Songs and Stories — Claire Martin
A collaboration with Claire Martin on her first big band album Songs and Stories (2020) followed, winning the Album of the Year in the 2021 Parliamentary Jazz Awards, and earning a stream of glowing reviews. The album features a 70-piece orchestra and big band which Callum paid for himself, as it was the easiest way to get something done if you want it done properly. Callum knew many of the players who offered their services at a reduced rate, but such was the quality of these musicians, that the album was recorded without rehearsals, on just three takes: with just two three-hour sessions on day one for the orchestra, and just one four-hour session on day two for the big band.
Only the rhythm section rehearsed before recording, to ensure they were in the groove. A phenomenal feat, and a great tribute to the amazing level of musicianship and production on display in that recording studio on those two days.
Higher — Michael Bublé
It is Callum’s collaboration with Michael Bublé on the 2022 album Higher which for me really signals a change in pace for this young UK talent. Callum worked as co-arranger on a number of tracks with a brief to breathe new life into classic standards such as A Nightingale Sang in Berkeley Square, once again aided by his long-time collaborator Louis Dowdeswell with his signature high notes at the end of the track… I will leave you to judge for yourselves if Callum fulfilled the brief!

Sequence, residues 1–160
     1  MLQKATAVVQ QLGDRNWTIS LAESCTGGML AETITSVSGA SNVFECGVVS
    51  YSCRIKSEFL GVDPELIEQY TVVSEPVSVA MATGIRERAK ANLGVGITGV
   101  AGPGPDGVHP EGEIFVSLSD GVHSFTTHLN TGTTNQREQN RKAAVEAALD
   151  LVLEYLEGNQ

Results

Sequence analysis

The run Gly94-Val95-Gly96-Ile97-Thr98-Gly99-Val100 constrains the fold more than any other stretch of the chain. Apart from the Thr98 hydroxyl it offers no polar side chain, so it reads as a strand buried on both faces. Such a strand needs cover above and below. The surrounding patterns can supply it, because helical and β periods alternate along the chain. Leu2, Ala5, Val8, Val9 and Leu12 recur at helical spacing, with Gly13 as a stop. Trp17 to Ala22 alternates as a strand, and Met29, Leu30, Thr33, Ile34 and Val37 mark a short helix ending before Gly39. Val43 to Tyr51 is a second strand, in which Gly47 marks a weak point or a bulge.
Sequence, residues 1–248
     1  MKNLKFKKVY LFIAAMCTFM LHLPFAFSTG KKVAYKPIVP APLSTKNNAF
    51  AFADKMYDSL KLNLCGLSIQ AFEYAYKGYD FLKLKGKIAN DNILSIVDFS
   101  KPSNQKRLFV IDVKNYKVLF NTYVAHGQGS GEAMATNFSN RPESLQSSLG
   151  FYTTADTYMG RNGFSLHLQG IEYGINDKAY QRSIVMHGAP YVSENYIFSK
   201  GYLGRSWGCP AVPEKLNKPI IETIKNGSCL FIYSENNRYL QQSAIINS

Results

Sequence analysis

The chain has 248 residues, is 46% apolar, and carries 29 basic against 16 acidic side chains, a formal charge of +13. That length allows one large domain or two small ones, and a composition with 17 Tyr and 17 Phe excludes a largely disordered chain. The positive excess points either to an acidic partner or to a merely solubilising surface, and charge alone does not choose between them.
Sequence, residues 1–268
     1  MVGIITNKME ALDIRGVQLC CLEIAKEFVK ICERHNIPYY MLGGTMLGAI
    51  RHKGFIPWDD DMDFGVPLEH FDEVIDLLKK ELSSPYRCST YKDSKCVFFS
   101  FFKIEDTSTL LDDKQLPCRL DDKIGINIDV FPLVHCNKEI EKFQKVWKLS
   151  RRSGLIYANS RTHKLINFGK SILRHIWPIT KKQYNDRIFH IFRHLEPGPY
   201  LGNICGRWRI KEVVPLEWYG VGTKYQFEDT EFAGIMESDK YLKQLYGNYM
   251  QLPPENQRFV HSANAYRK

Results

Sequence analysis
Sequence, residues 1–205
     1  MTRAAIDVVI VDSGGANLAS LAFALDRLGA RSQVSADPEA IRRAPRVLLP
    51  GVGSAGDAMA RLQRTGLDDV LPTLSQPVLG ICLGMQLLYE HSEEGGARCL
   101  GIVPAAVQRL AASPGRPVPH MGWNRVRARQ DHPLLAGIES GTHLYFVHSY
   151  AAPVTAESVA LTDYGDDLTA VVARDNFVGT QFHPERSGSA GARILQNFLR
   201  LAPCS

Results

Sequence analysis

Theatre — Joe Stilgoe and the Metropole Orkest
Collaborations with the mighty Joe Stilgoe and the Metrople Orkest on the newly released album Theatre continue this run of amazing achievements. The premiere of the album in the Barbican, London with the BBC Concert Orchestra on May 2nd, 2022, feature The King’s New Clothes, Jellicle Songs for Jellicle Cats and No More, Not While I’m Around, all arranged by Callum. And in a completely surreal twist of circumstance, the Metrople Orkest, the largest full-time jazz/pop orchestra of its kind in the world, is playing in my local theatre, the Wilminktheater, here in Enschede this evening as I sit and write, in a tribute concert to Toot Thielman on what would have been his 100th birthday. And probably the reason they were not available for the Barbican premier!
Louis Dowdeswell Big Band & The Cory Band
And as if all this were not enough, Callum also provided arrangements for the Louis Dowdeswell Big Band and the European Brass Band Champions and #1 Brass Band in the world, the Cory Band, in a fantastic concert in Birmingham Symphony Hall on Saturday 30th April and live streamed to the world. Callum even played in the concert, and you know, why not when you are as talented as he undoubtedly is.
I am exhausted just writing about all these achievements, never mind having the creativity and skill to produce music of such intellectual and emotional integrity.
I thank the day I decided to take my entire English class to listen to a five-piece jazz quintet one Friday afternoon in May and look forward to many more years of musical excellence from this most exciting UK talent.